From “Supper” to “Snack”: Why did the Early Church Move from Meal to Simply Bread and Wine?

I know that is probably irreverent.  I certainly don’t want to demean the piety and meaning that centuries of Christians have found in the simple bread and wine at the Lord’s table.  At the same time, “snack” is the language I have heard from children and post-Christian “unchurched” guests. I would suggest, as I do in my Come to the Table, that the meal is a significant and meaningful context for the Lord’s table. In essence, supper is integral to the Supper.

I have just uploaded to my Academics page a brief (all too brief for the topic)  paper I presented at the 2010 Stone-Campbell Conference this past weekend. My purpose was to suggest reasons why the church separated the Eucharist (using that term as a technical one for remembering Jesus through the bread and wine alone) from the Agape (a meal dedicated to praising God, sharing with the poor, and fellowshipping with each other).  Given the following assumptions, some time during the early to mid second century the Eucharist was separated from the Agape. My assumptions are:

  1. There is a consensus among New Testament scholars that the Eucharist was originally conducted in the context of an Agape
  2. There is a growing consensus among New Testament scholars that the table of the early church in Acts is a continuation of the table ministry of Jesus and particularly a continuation of the post-resurrection meals of the disciples with Jesus before his ascension.
  3. There is a consensus among New Testament scholars that the Agape was a frequent and common phenomenon in early Christian communities.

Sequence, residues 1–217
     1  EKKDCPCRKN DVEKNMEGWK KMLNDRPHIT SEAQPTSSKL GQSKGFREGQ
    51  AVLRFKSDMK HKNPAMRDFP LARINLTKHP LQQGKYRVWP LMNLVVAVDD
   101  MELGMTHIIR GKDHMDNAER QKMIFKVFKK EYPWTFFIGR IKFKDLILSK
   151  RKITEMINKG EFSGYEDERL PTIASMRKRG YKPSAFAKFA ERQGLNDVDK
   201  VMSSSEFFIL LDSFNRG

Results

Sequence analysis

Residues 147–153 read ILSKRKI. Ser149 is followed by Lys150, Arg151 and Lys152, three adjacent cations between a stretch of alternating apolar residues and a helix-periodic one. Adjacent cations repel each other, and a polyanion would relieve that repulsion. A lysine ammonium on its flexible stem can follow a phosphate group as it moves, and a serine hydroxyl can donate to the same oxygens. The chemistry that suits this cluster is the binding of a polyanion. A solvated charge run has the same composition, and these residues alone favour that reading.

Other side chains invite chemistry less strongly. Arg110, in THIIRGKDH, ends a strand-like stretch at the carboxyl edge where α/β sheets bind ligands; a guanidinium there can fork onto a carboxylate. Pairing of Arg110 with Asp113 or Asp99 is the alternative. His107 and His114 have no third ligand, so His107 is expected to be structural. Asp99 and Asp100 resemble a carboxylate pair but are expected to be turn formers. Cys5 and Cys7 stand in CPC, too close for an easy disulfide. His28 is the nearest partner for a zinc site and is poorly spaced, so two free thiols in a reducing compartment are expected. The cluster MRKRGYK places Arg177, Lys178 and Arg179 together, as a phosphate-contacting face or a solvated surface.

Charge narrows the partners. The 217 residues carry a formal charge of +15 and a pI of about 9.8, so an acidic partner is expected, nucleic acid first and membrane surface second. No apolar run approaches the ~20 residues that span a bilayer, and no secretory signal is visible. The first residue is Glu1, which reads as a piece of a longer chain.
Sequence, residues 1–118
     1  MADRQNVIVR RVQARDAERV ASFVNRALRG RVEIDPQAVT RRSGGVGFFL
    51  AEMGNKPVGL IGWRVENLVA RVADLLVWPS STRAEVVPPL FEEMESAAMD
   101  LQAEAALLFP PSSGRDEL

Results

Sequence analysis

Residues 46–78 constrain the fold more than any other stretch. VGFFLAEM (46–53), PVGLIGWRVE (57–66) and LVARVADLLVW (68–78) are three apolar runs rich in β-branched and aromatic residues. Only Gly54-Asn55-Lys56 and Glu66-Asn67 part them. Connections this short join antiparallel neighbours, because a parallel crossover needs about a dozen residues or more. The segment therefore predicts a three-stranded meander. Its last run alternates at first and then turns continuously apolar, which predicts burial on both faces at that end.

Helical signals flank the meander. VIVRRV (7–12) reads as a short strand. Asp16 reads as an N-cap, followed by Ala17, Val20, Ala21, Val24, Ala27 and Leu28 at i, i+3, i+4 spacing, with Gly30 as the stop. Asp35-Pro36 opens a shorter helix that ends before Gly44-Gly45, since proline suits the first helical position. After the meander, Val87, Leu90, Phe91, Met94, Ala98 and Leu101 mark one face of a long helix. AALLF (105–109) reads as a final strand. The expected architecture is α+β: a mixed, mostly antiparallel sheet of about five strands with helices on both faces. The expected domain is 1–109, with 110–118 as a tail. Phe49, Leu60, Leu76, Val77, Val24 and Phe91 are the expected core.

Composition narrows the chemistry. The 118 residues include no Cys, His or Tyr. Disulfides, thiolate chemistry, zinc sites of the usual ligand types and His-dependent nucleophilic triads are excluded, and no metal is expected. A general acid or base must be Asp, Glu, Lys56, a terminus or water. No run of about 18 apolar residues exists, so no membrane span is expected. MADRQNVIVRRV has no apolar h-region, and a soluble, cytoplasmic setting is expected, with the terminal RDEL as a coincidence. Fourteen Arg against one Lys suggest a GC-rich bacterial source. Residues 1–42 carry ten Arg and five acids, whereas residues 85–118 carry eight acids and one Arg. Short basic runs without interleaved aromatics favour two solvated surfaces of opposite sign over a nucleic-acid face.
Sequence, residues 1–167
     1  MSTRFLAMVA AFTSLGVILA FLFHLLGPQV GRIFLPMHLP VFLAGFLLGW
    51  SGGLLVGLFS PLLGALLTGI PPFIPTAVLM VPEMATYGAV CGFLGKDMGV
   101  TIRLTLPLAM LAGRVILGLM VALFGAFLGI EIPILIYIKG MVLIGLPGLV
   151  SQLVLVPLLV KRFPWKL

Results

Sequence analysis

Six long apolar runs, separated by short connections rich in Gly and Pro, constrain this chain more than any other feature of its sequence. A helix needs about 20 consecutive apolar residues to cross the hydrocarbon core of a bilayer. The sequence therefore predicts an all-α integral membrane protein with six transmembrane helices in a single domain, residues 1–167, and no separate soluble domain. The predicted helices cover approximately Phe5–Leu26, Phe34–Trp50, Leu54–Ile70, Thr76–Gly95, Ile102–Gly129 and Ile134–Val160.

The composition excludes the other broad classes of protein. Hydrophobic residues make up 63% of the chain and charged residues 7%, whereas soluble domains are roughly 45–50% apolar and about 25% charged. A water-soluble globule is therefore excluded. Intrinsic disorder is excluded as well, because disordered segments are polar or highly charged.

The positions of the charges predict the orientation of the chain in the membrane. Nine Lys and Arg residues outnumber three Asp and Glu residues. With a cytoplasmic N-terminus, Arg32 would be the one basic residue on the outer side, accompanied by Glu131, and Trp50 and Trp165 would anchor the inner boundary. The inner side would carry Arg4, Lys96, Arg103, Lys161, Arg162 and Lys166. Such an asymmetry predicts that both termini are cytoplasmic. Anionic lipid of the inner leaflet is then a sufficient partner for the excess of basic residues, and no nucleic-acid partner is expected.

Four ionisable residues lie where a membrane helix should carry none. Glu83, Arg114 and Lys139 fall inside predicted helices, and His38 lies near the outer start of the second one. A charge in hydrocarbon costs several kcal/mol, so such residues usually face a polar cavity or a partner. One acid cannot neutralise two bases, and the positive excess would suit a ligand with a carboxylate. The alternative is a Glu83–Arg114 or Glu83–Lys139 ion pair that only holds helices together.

4. There is a consensus among church historians that the Eucharist and Agape were still linked if not identified with each other at the beginning of the second century, especially in Syria.
  5.  There is a consensus among church historians that the Eucharist and Agape were not only clearly distinct but temporally separated at the beginning of the third century.  Clement of Alexandria (Instructor 2.4.3-4; 2.6.1-7.1), Tertullian of Carthage (Apology 39) and Hippolytus of Rome (presuming his primary editorship of the Apostolic Tradition 4, 25-27) each distinguish the Eucharist from the Agape.

The paper rejects the rationale that Paul separated the two in 1 Corinthians since Paul does not tell them not to eat together but to wait for each other. He regulates the meal–conforms the meal to the gospel of Jesus–rather than prohibiting the meal. I don’t, however, take time in the paper to demonstrate this but rather I assume it. The paper also rejects the rationale that potential and actual abuses of the meal led to its separation from the Eucharist. The early church continued to eat an Agape meal for centuries, at least into the mid-fourth century, after 1 Corinthians.  While there were, no doubt, occasional abuses, they church continued to eat together.  And the Agape was a ritualized, religious meal–not simply a “potluck” of the modern variety.

 Instead I offer two primary suggestions (“educated guesses,” I suppose) as to why the Agape was separated from the Eucharist by the early church.

  1.  Very early–at least at the beginning of the second century–the church had begun meeting in the pre-dawn hours of Sunday morning. This move from evening to morning, motivated by the desire to honor the resurrection of Jesus–entailed the loss of the meal since the meal belonged to the evening and morning breakfast was minimal for Mediterraneans. Also, evening meals created suspicion among Roman rulers (as Pliny’s letter to Trajan indicates), but that was not determinate since the church continued to eat evening Agape meals.